Q. for Full-Time Investors & Realtor/Investors - Posted by Doug

Posted by Gerald-DC on July 03, 2001 at 10:25:15:

Thanks for taking the time to respond JT-IN. I have been advised by a couple of people not to quit my job and do this full time.

This weekend, I will review my business plan and make sure that I have at least planned to make as much from r.e. investing this year as I have made from my job. If so, I will know I am well on my way.

What I have learned from investing the year that I have been doing it is that it is hard work, and it is anything but a get rich quick scheme. All of the courses in the world cannot make you any money unless you go out there and make things happen. I think someone wrote about highs and lows of investing. Well I got that part down.

Hopefully, I will close on a rehab/retail deal this month. When I do, boy ! will I have a post for you guys. Don’t want to jinx it so I want say anymore about this until I have my check in hand.

Q. for Full-Time Investors & Realtor/Investors - Posted by Doug

Posted by Doug on July 02, 2001 at 09:37:52:

I currently have a well paying career outside of real estate and want to transition into becomming a full-time real estate investor or a full-time Realtor/investor (selling properties for others while prospecting for my own investment properties).

I’m trying to chart a course to make this happen. What I’ve come up with so far is the following:

  1. Obtain Real Estate Sales License
  2. Become a Realtor
  3. Try to secure a part-time sales agent position with a broker.
  4. Purchase a home for myself that has potential to be rented out later. (or purchase an owner-occupier duplex or something)
  5. While working as a part-time sales agent, gradually acquire a few income properties.
  6. Continue to develop a client base as a sales agent and acquire investment properties until my income from home sales and investments is sufficient enough to leave my old career behind.
  7. Log into creonline.com and share my setbacks and successes with newbies interested in the path I took!! :slight_smile:

My question is whether the above is even feasible. I’ve received mixed information as to whether you can be a sales agent for a broker part-time. Two brokers I’ve spoken with aren’t interested in that arrangement, yet I’m told people are out there doing it. Another question is whether I should be looking to start as an appraiser. Perhaps part-time work is a little more do-able that way.

If any full-time investors out there who have made the transition from an unrelated career field are reading this, I could really benefit from your insight and would greatly appreciate your comments.

Thank you,


The decision is one of personality… - Posted by David Alexander

Posted by David Alexander on July 03, 2001 at 07:55:01:

Me I couldnt have a job and do RE… Scratch that… I couldnt have a job. I think the answer to what your looking for is in your personality…

Read the book the cashflow quadrant. I remember growing up people would say I’d get a job at McDonalds if I needed to to feed my family, when your personality changes and you cross quadrants… You no longer see a job as an alternative means of income… Working for Money is not an option… You only work to build your Business and your business is to build businesses, and RE that build personal wealth.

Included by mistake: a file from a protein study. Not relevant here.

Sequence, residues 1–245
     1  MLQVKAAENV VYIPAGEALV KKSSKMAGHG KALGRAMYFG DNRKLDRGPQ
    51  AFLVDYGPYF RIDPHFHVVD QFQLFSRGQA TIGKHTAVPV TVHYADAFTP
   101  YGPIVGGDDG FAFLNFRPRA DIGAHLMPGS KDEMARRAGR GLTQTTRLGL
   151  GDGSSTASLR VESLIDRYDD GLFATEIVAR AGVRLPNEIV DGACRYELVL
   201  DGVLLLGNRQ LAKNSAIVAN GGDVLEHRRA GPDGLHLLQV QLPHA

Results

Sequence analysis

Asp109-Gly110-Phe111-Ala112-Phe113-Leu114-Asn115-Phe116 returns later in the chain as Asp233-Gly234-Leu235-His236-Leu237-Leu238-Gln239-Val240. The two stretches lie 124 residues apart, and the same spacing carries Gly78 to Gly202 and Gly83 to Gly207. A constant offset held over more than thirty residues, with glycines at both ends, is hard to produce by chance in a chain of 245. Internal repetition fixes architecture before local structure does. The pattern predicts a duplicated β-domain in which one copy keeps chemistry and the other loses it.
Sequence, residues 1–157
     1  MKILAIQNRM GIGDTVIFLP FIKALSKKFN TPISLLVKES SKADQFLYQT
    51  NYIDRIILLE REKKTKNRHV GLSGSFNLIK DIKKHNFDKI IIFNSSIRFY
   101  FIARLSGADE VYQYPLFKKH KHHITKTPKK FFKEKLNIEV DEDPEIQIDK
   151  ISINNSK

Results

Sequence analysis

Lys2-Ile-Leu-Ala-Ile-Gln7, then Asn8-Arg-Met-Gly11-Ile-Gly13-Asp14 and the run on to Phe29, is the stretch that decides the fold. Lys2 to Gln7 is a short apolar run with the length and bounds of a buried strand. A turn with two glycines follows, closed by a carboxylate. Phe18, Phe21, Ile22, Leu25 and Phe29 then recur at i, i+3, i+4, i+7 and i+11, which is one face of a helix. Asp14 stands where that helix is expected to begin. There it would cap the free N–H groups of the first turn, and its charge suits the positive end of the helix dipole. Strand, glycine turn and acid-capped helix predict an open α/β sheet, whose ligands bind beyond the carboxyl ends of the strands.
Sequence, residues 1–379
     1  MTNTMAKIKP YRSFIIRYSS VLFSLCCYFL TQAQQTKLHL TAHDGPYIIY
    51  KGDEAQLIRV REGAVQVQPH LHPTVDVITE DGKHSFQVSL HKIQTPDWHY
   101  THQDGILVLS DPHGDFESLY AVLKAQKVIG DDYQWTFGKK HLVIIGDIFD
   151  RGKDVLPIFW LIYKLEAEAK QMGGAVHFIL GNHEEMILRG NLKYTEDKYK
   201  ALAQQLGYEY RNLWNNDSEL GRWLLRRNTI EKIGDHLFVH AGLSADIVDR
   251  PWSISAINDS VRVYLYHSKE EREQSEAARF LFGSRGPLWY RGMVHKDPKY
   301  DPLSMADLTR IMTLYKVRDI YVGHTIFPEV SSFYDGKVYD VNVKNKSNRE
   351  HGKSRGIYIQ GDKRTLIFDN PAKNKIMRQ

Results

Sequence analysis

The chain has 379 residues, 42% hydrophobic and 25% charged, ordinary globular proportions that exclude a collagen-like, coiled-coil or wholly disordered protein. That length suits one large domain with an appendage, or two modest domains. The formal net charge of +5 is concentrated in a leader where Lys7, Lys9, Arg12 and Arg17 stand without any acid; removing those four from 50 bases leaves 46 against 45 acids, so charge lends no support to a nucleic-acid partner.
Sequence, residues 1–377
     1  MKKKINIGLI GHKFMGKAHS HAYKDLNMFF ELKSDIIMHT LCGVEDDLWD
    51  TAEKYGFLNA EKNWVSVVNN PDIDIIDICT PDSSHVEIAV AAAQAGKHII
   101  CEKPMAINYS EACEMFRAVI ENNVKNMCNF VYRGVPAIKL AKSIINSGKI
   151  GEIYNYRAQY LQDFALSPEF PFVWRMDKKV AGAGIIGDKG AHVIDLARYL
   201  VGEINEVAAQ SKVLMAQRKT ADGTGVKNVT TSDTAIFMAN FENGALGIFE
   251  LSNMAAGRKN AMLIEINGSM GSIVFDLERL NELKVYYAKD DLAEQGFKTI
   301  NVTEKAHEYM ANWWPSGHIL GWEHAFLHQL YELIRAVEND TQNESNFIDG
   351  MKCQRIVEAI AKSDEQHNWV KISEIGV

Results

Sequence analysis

This is my take anyway.

If I were to start over fresh… however I would do it a different way. I would as Scott Britton says learn to generate quick cash.

I would build 3 months worth of cash reserves… once I got to 3 months worth, I would then spend my building 1 years worth of cash reserves…

I would then spend my time on a 50/50 split of doing deals.

50% of the time would managing 50% of the years accumaltion and trying to capital gain the money in a 6 month period… example a years worth of money being 50k then I would take 25k and put into deals that I knew I could cash out and when 6 months I would have the orignal 25k back and 25k more to show… this would done in a C Corp.

I would also be doing deals for cashflow trying to do deals using None of my own money and produce cashflow, maybe setting a goal of gaining 100-200 a month cashflow. At the end of the 6 months you would then have reduced your living by 600-1200 a month, and your need to turn the money over a 100% each 6 months would diminish… although I would still keep with that plan.

My thoughts anyway, from someone who doesnt know what a stinkin’ job is, nor any rememberance.

Another perspective at the least.

David Alexander

Re: Q. for Full-Time Investors - Posted by Matt B

Posted by Matt B on July 02, 2001 at 12:38:48:

I made the transition to real estate investor from an unrelated field and I can tell you, I never once had to get a real estate license or get a job as a real estate agent. I also never had to “gradually” acquire contacts by being a realtor and slowly acquire property. I just went right into acquiring properties and making money from them.

While I do agree that if your aim is to go the conventional route and qualify for a bank mortgage to buy rental properties, keeping your job is a good idea, there are plenty of ways to acquire property that do not require this. I personally have chosen lease options, but there are plenty of other effective, creative ways to acquire property.

If you haven’t already, read through the how to articles on this site. Get a basic idea of the ways to buy real estate creatively, then look into getting a course or 2 from this site. There is a good selection on a number of different methods. You don’t need to go from one “job” to another to get into real estate investing full time.

Re: Full-Time Investors & Realtor/Investors - Posted by GL

Posted by GL on July 02, 2001 at 11:55:02:

Right off the bat: Keep your present job as long as you can. Anyone who has quit a job to live off their RE investments too soon, has regretted it. You NEED that job to put food on the table and pay your bills.It is indispensible for a credit rating too. As soon as you quit your job investing becomes harder, not easier. Your ability to borrow is shot to hell.